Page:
Bishops, Kings and Queens
Today, choosing a new Archbishop of Canterbury is a relatively straightforward process. It was not always so, as Katherine Harvey explains.
In December this year, shortly before Rowan Williams completes his tenure as Archbishop of Canterbury, the name of his successor will be announced. The new archbishop will have been chosen by the Crown Nominations Commission (a committee made up of 16 prominent members of the Anglican Communion), following a period of consultation. His name will be presented to the prime minister, who will commend him to the Queen. Royal assent will be given and Downing Street will announce the new appointment. Only after this process is complete will the College of Canons of Canterbury Cathedral formally elect the new Archbishop of Canterbury.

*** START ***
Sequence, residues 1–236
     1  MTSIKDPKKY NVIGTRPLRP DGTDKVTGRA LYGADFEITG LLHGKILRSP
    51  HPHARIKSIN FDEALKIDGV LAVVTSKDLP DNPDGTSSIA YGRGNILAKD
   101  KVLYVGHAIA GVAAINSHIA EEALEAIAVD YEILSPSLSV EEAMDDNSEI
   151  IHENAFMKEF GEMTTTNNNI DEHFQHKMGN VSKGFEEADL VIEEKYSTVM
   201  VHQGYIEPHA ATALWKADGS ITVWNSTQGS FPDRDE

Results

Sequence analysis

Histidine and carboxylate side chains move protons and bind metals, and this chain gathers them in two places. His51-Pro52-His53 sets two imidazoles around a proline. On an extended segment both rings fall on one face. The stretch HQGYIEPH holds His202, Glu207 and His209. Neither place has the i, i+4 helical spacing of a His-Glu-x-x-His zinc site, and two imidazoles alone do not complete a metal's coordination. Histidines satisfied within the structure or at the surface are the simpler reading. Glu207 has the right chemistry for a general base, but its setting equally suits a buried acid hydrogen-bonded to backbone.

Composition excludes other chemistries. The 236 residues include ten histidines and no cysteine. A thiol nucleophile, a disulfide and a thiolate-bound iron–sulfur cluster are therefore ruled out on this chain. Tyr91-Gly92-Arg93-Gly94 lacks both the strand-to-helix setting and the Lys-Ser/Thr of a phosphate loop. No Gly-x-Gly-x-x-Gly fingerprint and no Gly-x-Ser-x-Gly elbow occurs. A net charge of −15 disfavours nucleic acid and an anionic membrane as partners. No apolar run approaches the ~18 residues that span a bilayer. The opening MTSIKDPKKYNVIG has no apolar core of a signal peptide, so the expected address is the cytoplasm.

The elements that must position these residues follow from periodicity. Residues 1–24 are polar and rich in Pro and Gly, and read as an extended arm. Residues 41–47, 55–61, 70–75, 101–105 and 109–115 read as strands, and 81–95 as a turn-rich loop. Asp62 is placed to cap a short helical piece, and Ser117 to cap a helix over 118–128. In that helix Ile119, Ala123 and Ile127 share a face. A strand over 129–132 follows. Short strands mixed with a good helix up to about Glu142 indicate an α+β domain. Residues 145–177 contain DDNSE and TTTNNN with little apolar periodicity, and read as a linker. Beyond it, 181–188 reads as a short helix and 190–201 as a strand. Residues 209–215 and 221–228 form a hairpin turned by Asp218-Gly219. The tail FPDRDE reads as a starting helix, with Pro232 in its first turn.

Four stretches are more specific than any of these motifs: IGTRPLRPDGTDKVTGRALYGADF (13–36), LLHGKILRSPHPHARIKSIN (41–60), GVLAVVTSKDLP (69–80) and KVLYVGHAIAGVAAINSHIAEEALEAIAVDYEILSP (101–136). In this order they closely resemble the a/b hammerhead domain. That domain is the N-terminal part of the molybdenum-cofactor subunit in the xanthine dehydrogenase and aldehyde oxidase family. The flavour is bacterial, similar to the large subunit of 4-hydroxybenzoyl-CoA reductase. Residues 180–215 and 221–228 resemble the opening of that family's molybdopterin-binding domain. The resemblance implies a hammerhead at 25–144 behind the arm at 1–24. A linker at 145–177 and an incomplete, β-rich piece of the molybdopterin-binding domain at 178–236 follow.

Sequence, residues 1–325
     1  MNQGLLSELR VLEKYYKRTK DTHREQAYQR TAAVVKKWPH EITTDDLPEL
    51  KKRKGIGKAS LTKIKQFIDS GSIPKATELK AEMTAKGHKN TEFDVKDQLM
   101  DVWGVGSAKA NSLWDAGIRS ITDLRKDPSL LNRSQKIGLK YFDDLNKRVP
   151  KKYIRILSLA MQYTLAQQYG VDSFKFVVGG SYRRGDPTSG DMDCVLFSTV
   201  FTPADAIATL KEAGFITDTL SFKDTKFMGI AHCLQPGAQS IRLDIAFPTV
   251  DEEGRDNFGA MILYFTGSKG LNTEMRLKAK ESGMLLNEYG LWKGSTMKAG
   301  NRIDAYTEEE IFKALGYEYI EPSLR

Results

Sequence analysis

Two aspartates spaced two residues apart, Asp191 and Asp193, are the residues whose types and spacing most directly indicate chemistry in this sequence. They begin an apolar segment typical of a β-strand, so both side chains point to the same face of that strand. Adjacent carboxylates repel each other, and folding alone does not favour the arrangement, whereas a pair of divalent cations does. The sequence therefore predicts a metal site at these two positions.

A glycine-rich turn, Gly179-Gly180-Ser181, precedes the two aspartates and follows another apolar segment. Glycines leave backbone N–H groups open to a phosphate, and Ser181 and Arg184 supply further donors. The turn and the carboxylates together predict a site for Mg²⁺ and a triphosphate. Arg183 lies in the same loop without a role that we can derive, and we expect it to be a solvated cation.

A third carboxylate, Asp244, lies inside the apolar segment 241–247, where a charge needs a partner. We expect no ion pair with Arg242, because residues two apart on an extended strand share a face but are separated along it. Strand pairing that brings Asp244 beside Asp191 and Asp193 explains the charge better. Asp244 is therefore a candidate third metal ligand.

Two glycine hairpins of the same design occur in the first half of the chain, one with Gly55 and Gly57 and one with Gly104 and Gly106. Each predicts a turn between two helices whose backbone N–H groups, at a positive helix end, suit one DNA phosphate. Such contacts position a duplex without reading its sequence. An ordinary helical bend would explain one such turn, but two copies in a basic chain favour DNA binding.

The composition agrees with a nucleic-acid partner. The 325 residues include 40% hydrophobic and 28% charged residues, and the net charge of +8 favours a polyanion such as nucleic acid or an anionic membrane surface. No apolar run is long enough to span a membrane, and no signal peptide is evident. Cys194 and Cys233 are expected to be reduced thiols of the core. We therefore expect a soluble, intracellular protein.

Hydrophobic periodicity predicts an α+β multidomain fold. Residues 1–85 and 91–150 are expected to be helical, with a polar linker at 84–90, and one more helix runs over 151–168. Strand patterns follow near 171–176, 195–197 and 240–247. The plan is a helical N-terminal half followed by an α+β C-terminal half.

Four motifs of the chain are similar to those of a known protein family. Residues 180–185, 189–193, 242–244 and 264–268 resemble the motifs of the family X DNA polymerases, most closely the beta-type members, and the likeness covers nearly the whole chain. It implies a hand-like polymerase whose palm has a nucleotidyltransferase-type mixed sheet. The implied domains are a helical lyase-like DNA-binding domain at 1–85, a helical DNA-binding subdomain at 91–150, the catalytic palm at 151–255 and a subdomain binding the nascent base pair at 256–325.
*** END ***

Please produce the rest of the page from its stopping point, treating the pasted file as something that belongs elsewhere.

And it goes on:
Today this election is a mere formality; the real choice lies with the Crown Nominations Committee and has been made long before the canons hold their vote. But this was not always the case. Throughout the middle ages, from the conversion of the Anglo-Saxons in the sixth century to the Reformation in the 16th, the English Church was governed by the laws of the Roman Catholic Church, which dictated that a bishop (or archbishop) should be elected by the clergy and people of his diocese. This rule was not always adhered to and throughout the early middle ages elections often served merely to formalise the choice of the king or a local nobleman.